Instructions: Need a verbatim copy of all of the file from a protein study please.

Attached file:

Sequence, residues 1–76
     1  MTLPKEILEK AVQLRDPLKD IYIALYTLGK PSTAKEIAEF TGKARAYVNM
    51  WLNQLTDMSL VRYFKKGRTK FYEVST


Sequence, residues 1–76
     1  MTLPKEILEK AVQLRDPLKD IYIALYTLGK PSTAKEIAEF TGKARAYVNM
    51  WLNQLTDMSL VRYFKKGRTK FYEVST